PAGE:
ii s. XL JUNE 19, mo.] .NOTES AND QUERIES.
Rodwell gives a different version :
London Bridge is broken down ;
Dance o'er, Lady Lea. London Bridge is broken down
With a gay La-dee.
Then we must set a man to watch ; Dance o'er, &c.
Suppose the man should fall asleep ? Dance o'er, &c.
Then we must put a dog to guard ; Dance o'er, &c.
- Suppose the dog should run away ?
Dance o'er, &c.
Then we must chain him to a post ;
Dance o'er, Lady Lea. Then we must chain him tight and fast
With a gay La-dee.
Rodwell says, " Like all really old English "ballads it was of an almost interminable length, but we shall only insert a few verses." It is possible that in the full ballad both versions were included, and that the singers, after exhausting all possibilities of watch '.and ward, went on to discuss rebuilding.
B. C. S.
The song " London Bridge is broken down, Dance o'er my Lady Lea," is of great antiquity, and, I am led to understand, is identical v ith an ancient Celtic song called ' Yn Yr Pentre,' or, in English, ' Round about our Village.' This song was adopted imany years ago by a certain Ameer of Afghanistan as the National Anthem of his -country. The story goes that his Highness, "who was very partial to brass bands, particu- larly the trombone, heard the tune, which at once caught his fancy, with the above
Your correspondent might refer to Richard Thomson's ' Chronicles of London Bridge,' where the subject is discussed at some length, without, however, arriving at any definite conclusion.
A verse of the old nursery rime " Mary, Mary, quite contrary," beginning with "" London Bridge is broken down," is men- tioned in ' N. & Q.' (4 S. xii. 479).
I do not wonder that MB. CECIL CLABKE has failed to find these old lines in any ordinary book of reference, though I daresay 'he may find some clue to them in Lady Gomme's book on 'Children's Games' a work which I am at present unable to refer ito.
They form one of the series of children's choral and dramatic games which are just now the subject of so much interest and ^oik-lore study. At the time I contributed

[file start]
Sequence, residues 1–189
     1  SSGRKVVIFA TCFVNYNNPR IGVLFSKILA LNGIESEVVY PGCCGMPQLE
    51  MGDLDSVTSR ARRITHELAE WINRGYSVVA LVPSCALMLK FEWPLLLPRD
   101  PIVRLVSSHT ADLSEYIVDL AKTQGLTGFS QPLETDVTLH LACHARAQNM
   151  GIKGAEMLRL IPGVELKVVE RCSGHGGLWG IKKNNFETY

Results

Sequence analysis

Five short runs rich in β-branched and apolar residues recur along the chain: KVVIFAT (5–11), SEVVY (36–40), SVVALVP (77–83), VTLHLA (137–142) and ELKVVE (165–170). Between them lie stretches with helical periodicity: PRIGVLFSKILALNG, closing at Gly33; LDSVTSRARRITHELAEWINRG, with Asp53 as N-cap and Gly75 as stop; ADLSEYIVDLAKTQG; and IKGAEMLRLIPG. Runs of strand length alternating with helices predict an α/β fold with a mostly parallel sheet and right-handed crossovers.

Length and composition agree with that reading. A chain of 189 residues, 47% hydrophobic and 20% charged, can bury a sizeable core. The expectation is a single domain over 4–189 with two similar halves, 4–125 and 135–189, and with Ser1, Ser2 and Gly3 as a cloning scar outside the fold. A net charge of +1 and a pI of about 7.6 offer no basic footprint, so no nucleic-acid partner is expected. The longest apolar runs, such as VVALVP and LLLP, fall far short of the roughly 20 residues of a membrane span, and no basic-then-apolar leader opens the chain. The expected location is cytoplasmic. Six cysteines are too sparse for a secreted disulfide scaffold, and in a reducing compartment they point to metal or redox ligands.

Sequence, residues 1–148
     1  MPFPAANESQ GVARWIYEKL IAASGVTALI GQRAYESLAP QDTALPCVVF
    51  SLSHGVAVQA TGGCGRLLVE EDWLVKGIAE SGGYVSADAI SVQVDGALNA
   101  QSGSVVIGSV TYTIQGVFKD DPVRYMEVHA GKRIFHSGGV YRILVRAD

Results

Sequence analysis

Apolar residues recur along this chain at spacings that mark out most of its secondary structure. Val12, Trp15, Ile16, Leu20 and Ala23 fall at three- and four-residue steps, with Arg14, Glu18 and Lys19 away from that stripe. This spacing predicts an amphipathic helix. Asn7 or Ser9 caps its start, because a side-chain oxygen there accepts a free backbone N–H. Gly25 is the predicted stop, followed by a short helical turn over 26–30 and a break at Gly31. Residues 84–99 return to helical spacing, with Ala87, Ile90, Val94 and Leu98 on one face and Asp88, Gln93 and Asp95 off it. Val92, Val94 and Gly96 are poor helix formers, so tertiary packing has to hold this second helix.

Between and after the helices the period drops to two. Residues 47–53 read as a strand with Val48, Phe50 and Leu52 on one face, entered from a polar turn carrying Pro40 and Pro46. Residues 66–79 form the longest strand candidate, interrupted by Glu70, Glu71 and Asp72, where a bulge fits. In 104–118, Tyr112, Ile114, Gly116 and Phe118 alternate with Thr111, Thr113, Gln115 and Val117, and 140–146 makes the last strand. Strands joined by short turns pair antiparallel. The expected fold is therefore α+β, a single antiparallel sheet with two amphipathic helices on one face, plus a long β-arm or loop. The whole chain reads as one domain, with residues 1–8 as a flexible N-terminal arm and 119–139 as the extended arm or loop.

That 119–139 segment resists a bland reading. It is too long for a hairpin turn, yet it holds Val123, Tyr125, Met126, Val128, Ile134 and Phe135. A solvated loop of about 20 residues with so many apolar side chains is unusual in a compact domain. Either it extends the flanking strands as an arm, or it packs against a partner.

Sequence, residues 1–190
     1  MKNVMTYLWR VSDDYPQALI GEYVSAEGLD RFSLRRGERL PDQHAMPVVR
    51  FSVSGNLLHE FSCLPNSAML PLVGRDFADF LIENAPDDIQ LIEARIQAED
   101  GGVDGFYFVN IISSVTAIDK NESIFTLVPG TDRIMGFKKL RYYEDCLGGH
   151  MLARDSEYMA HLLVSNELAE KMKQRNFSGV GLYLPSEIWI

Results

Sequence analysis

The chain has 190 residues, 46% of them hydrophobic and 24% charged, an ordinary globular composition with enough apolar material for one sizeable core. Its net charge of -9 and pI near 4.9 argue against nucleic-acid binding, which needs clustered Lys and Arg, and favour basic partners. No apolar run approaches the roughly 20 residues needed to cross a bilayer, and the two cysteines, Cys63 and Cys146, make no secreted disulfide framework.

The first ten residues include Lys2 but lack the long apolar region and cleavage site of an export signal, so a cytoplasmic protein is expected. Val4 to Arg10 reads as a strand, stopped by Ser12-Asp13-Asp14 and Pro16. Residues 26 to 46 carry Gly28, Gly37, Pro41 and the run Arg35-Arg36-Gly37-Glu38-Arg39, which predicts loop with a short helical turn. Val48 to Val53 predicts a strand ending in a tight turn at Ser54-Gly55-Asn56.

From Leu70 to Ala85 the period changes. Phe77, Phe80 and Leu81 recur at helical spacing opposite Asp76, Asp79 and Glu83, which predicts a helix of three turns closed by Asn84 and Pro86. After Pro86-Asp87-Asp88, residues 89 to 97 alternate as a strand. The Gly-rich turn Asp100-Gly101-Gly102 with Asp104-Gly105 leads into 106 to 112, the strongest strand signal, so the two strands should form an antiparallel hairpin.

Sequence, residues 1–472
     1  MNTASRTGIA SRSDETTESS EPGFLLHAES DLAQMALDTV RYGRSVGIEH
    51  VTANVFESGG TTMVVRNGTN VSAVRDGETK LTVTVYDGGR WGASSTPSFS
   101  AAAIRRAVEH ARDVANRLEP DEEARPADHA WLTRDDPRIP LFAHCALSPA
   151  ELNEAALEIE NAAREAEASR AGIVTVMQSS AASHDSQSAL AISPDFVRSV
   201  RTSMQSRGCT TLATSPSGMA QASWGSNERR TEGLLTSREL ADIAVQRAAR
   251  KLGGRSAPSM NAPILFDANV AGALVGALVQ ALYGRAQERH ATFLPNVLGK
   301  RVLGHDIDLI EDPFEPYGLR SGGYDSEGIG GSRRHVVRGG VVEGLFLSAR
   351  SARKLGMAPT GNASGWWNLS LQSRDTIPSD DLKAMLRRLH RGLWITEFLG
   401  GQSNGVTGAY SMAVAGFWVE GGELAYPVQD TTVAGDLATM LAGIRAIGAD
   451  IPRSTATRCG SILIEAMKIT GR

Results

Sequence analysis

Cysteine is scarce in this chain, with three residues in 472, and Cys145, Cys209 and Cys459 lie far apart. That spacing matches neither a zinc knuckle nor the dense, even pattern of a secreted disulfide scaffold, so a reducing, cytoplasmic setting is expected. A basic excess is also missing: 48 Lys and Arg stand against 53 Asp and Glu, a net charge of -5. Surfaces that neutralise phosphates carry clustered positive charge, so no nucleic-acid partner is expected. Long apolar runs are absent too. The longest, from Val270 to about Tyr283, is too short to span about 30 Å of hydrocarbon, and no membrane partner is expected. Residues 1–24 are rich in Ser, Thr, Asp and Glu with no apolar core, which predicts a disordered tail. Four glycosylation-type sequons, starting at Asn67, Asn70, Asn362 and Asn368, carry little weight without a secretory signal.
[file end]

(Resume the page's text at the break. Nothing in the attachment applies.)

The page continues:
a long paper on 'Dorsetshire Children's Games ' to the Folk-Lore Society (see Folk- Lore Journal, 1889, p. 202) I had not that one amongst my collection ; but I have since obtained it, and I hope that it may one day appear in a larger work that I am contem- plating upon Dorset folk-lore. In the meantime I think it is rather too long to reproduce here. I call it ' My Fair Lady ' for want of a better name, that being the refrain that runs throughout it, in the same way, no doubt, that " Dance over Lady Lea " does in MB. CLABKE' s version. The first lines are :
London Bridge is falling down
Down down down.
I should like to refer your correspondent to Miss Charlotte S. Burne's ' Shropshire Folk-Lore,' 1883, for a variant that more nearly approaches what he is in search of, I think. In Miss Burne's chapter (xxxiii.) on ' Choral and Dramatic Games,' at p. 519, the lines of this game (called 'Gay Ladies,' from its refrain) begin :
Over London Bridge we go (ter),
Gay ladies, gay! j
And the chorus replies : ^
London Bridge is broken down (bis), Gay ladies, gay J
Miss Burne says that it is
" evidently two games confused together. The players form a ring moving round as they sing the chorus ; two players outside the ring run round it singing the ' verse part.' "
A foot-note (by W. W. S.) states: " I have heard
London Bridge is broken down;
Dance over my Lady Lea, simg in Kent."
This last is probably what MB. CLABKE is in search of. J. S. UDAL, F.S.A.
For former references to this in ' N. & Q.' see 1 S. ii. 258, 338 ; 3 S. xii. 379 ; 8 S. vi. 106. W. B. H.
[Mr. JOHN HARRISON also thanked for reply.]
ANSTBUTHEB, FIFE : SCOTT OF BALCOMIE (US. xi. 188, 288, 368). The literary im- portance of Anstruther is not fully denoted without a reference to Dr. Hew Scott, author of ' Fasti Ecclesiae Scoticanse.' A native of Haddington, and born about the beginning of the nineteenth century, Scott was minister of West Anstruther parish from 1839 till the time of his death, circa 1872. His work is an elaborate compilation, giving some account of all the ministers in the Church of Scotland from 1560 to 1839. In quest of his facts the author visited parish after parish, and utilized enormous numbers of records. The product,